Why the Predella or Altar Step(s) are Important

In an article of February 20, 2018, The Neglected Predella: Its Importance for Altar Arrangements, I had discussed the fact of how many modern altar/sanctuary arrangements tend to cut out this related component of the altar. Before we go further in our considerations today, let's review once again what a "predella" is.  The predella is the step and/or platform onto which the altar is traditionally placed. At its simplest one might simply refer to it as an altar step.   This component, as it relates to the Christian altar, was in evidence already by the time of Constantine in the fourth century. Over time, as the ceremonies of the Church matured and the size of churches increased in general, so too did the number of steps increase, with three frequently being one of the most common manifestations, while instances of five or even seven steps could also be found. 

The predella generally passed around the three sides of the altar (namely, the liturgically "western" side, where the priest would stand, as well as the liturgically northern and southern sides of the altar, where the altar might be approached from the sides. One might wonder why only three sides, rather than four, but one must bear in mind the general rule of the celebration of the Mass "ad orientem" in the vast majority of instances, as well as the historical development of the altar itself which frequently included gradines or a reredos and so on on its liturgically eastern side.  (The case of the ancient Roman basilicas is historically rather unique and also included the confessio before the altar, so while these principles stand true in these instances as well, we shall leave them aside so as to not needlessly complicate the matter.)  All that being said, in the case of a truly freestanding altar where there were no gradines, reredos or confessio, there is certainly no reason to not have the predella surround the altar on all four sides -- and indeed, that was something we did see manifest within the twentieth century Liturgical Movement. 

If that was the form of the predella, what of its function? 

Quite simply put, the predella, like the ciborium magnum, served to help provide greater prominence and visibility to the altar as well as the sacred ceremonies enacted upon it and also architecturally demarcated the altar from the rest of the church and sanctuary, symbolically showing its central importance.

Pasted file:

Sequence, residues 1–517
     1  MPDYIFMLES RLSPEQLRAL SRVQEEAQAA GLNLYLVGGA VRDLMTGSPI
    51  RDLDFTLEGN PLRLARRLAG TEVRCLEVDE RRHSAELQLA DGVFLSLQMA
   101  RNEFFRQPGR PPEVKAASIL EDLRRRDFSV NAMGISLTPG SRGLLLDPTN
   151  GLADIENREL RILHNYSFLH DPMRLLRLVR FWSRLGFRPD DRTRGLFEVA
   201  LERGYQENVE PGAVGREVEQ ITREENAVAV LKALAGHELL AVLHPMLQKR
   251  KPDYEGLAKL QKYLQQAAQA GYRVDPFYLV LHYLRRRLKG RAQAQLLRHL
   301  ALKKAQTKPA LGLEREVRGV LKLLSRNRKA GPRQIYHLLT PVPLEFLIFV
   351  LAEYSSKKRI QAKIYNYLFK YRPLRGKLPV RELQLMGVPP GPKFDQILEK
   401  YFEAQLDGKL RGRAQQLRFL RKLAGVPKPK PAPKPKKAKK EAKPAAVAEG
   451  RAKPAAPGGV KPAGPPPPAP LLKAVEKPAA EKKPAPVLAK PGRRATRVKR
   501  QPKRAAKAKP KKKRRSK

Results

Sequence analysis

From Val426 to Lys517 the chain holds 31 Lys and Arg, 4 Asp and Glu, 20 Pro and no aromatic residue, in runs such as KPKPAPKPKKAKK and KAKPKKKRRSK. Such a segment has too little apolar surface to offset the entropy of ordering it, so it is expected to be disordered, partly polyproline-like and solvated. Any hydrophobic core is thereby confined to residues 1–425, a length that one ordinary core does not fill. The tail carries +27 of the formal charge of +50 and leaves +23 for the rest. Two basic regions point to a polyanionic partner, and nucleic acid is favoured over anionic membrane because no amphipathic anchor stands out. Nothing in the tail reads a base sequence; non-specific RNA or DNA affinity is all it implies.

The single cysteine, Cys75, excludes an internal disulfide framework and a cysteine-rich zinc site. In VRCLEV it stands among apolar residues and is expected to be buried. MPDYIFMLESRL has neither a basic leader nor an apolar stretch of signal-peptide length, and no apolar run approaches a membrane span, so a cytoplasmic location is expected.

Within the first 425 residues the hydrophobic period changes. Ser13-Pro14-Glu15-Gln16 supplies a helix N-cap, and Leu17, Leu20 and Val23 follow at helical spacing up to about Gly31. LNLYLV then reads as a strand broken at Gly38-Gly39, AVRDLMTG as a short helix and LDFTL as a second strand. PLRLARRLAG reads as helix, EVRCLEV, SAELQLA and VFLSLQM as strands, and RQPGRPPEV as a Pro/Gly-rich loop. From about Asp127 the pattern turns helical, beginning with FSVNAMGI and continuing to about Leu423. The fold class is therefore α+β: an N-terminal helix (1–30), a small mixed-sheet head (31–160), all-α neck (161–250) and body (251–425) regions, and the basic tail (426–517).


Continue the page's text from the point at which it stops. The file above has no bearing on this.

While this ancient feature was indeed to be found in the freestanding altars of the Liturgical Movement of the first half of the twentieth century, unfortunately in the post-conciliar era it has frequently been excluded. In terms of why that is so, there seem to me to be two likely explanations. 

The first is that, while it was neither necessary, nor called for by the Second Vatican Council or rubrics of the missal, to either stop the traditional practice of celebrating Mass ad orientem or to stop the use of the traditional high altar, regrettably this was common in practice, particularly as a spirit of rupture took over. With that came hastily introduced, poorly thought out, minimalist liturgical orderings -- orderings which to this day have a very ad hoc and impermanent feel about them (the only saving grace of which is that it has kept open the possibility of better reversing what was never required or envisioned in the first place). Hand in hand with that came the exclusion of the predella. 

In the second instance, also tied to this same period, was the advent of the crowding of sanctuaries with concelebrants, particularly in larger churches, and doubtless some felt it was better to exclude the predella so as to better facilitate such liturgical scenarios whereby the main celebrant and the concelebrants, could all stand around the altar on the same level. 

Whatever the case it is, I believe its exclusion is a mistake, for the net result (just as in the case of the exclusion of vertical altar candlesticks and candles, ciboria, etc.) is nothing less than the de-accentuation of the altar.   A good example of this once again came to light reently in a photo of a contemporary re-ordering of a church in Italy:

Behind can be seen the renaissance/baroque form of altar which includes its altar steps. Before it sits a contemporary altar, without the predella. Despite the fact the altar is in solid, "tomb" form, the altar has a very impermanent, transient feel about it -- and without trying to be polemical about it, it rather looks like a box that was simply placed within the sanctuary.  While the obvious comparison of it with the high altar that rises behind it is unavoidable, it is not that which creates this issue (in fact, if anything the traditional altar helps offset the problem slightly by way of inheritance).  No, the issue is simply that an altar without its "step" -- be it one step or three -- ends up looking orphaned within its sanctuary.  This is the case no matter the particular form of the altar (and I would invite readers to see our original article for examples).

Of course, architects are generally not to blame for any of this, for they generally include these features in their design proposals from what I have seen. Rather it is their clients (or their client's diocesan liturgy offices) who frequently impose such directions, but in so doing what they are effectively contributing to is the diminution and obfuscation of that which should be the most primary, central and permanent of all structures within the church building.  

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